Figure 2. Results of overlay analysis for marine areas identified as important by six United Nations and four non-governmental organization initiatives. The number of overlapping initiatives in each region is mapped in (A) and the impact of each initiative on the area identified at each level of overlap is shown in (B). Initiatives identified 55% of the ocean as important, with up to seven initiatives overlapping. Overlap map (A) also shows current marine protected area coverage (World Database on Protected Areas, January 2019: UNEP-WCMC and IUCN, 2019a); most areas identified as important are not currently protected, except for areas identified by at least five initiatives (A). Areas with overlap of at least two initiatives are concentrated in the Caribbean, the Mediterranean, the Coral Triangle, Madagascar and surrounding islands, and the Galápagos and surrounding islands (A). The two initiatives with the largest impact on the area were Convention on Biological Diversity EBSAs and Conservation International Hotspots (B). Countries are displayed using data provided by Natural Earth (Admin 0 Countries 4.1.0; Natural Earth, 2018a).
Initiatives varied substantially in the number of criteria used to identify important areas, from one criterion for some initiatives (AZE Zero Extinction Sites: presence of threatened/endangered species; MARPOL Special Areas: system vulnerability/fragility/sensitivity) to 12 criteria for PSSAs (Table 1 and Supplementary Appendix S2: Initiative Criteria). However, within an initiative, not all criteria were necessarily met for a region to be considered important. For example, some EBSAs were identified based only on one “critically important” criterion (Johnson et al., 2018). The most commonly used criterion across initiatives was the presence of threatened or endangered species, used by seven of ten initiatives. Other commonly used criteria (each used by five or six initiatives) included naturalness, biodiversity, vulnerability, uniqueness/rarity, and importance to life stages (Table 1 and Supplementary Appendix S2: Initiative Criteria).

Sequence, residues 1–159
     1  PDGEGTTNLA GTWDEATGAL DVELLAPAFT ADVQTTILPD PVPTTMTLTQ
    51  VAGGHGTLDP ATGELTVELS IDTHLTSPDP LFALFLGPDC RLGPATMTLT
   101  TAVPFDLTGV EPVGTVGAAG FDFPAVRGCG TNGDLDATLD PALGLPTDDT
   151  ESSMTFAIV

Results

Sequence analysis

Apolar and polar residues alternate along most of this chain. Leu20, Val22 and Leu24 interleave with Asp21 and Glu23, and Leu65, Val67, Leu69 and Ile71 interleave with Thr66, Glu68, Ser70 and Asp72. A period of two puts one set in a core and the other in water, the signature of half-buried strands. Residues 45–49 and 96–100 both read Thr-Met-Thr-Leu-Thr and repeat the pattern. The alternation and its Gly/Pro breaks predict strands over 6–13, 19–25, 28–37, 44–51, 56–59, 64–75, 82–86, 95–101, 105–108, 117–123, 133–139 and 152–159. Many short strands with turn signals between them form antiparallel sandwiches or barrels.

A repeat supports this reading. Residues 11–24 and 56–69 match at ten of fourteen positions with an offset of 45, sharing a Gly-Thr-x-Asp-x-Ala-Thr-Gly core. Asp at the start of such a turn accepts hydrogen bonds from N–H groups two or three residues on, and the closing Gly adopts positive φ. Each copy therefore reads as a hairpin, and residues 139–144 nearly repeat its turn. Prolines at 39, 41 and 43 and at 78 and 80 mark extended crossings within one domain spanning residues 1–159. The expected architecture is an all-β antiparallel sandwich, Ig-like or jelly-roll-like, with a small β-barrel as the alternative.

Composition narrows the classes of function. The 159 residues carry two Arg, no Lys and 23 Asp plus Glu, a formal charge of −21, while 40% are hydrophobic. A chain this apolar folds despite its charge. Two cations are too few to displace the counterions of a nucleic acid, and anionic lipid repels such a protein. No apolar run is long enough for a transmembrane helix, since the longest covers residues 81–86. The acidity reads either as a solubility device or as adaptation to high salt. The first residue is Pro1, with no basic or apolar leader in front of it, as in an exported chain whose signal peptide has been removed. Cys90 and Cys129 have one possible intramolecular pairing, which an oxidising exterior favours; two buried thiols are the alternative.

When considered as two categories, the area identified by at least one NGO initiative or by at least one UN initiative covered 37 and 28%, respectively, of the ocean (Supplementary Appendix S3: Supplementary Figure S1). However, the overlap between areas identified by at least one UN initiative and areas identified by at least one NGO initiative was low (Supplementary Appendix S3: Supplementary Figure S1). The low overlap can be attributed, in part, to differences in how UN and NGO initiatives identified important areas. While UN initiatives relied on an average of 6.5 criteria (range 1–12), NGO initiatives relied on an average of three criteria (range 1–4). There were also differences in which criteria were most often used to identify important areas; for example, while four UN initiatives included the criterion of “naturalness,” only one NGO initiative did (WWF Priority Areas) (Table 1 and Supplementary Appendix S2: Initiative Criteria).